11 Furlong Road
9th May 2007
Department for Constitutional Affairs
5th Floor Selborne House
54-60 Victoria Street London
Dear Mr Fiddler,
I am writing on behalf of Mumsnet, the community website for parents which has 100,000 members and well over half a million users per month.
We are pleased to hear that your forthcoming consultation on defamation will include consideration of how the libel law applies to the internet but would urge you to review a few specific issues.
We believe that libel law, which effectively regards bulletin boards in the same way as newspapers, books and magazines, has not caught up with new forms of publishing and communication online with the result that freedom of expression is being curtailed.
The Law Commission acknowledged as much in 2002 when it warned that a rethink of defamation law was needed to protect freedom of speech online.
Then commissioner Hugh Beale QC, warned: "When a website carries material to which someone objects - rightly or wrongly - it is often easier to complain to the ISP than to the author. The problem is that the law puts ISPs under pressure to remove sites as soon as they are told that the material on them may be defamatory. There is a possible conflict between the pressure to remove material, even if true, and the emphasis placed on freedom of expression by the European Convention of Human Rights."
With no change to the law on defamation since then, websites running bulletin boards now find themselves in a similar position to that described by Mr Beale. Faced with a complaint, most websites, frequently small businesses or individuals with limited resources, feel they have no option but to remove material, irrespective of its legitimacy, with obvious consequences for freedom of expression. And even if they do quickly remove a posting which has been the subject of a complaint, the extent of their liability remains unclear.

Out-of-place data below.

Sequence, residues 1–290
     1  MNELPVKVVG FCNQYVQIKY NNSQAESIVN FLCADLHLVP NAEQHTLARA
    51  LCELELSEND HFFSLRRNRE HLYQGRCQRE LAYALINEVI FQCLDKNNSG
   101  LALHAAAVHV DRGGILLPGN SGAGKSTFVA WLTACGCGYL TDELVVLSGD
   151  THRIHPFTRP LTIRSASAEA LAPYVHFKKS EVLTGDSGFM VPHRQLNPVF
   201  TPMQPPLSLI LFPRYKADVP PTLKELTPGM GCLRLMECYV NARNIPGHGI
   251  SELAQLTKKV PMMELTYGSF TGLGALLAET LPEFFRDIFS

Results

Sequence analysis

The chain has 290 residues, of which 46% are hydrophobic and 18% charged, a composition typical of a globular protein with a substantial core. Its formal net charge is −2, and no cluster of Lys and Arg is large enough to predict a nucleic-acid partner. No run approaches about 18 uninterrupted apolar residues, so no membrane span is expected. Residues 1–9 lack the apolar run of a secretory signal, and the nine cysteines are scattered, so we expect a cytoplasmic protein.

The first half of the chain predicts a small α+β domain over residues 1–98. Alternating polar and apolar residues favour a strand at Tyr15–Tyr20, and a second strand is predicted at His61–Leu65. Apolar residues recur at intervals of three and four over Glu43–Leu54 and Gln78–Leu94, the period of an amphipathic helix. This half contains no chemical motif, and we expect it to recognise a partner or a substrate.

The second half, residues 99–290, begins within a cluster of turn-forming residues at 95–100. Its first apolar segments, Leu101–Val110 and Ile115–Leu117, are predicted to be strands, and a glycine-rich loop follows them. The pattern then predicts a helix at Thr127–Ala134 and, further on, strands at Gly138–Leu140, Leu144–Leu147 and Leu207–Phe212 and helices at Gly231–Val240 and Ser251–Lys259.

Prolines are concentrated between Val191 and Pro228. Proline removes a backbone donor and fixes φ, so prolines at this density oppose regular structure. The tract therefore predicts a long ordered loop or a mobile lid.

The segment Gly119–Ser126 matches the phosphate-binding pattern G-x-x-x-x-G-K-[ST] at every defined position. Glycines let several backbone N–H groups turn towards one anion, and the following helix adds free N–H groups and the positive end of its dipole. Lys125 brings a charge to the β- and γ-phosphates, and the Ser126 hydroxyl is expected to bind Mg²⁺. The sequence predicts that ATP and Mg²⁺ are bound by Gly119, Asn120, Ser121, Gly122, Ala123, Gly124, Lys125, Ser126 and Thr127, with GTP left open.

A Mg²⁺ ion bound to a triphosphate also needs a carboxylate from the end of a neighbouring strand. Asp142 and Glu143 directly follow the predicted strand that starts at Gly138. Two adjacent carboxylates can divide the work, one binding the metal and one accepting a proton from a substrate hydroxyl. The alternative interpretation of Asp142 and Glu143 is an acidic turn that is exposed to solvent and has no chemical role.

Consequently we believe the following issues need urgently to be addressed:
- Does holding websites liable for postings by users on their bulletin boards have the effect of unacceptably curtailing freedom of expression?
- Is a website which swiftly removes material following a complaint protected from liability for the posting? And how swift is swift?
- Should the different nature of bulletin board communication be taken into account in assessing whether a complainant has been defamed? For instance if a single poster makes a defamatory comment but is immediately rebutted by a large number of users should the resulting thread be resulted as defamatory? Or should there be a requirement to consider bulletin board conversations in the whole?
We would stress that we accept that individuals have a right to protect their reputations. However this right always has to be balanced against the rights of others to freedom of expression and we believe that this balance is not currently struck in the right place.
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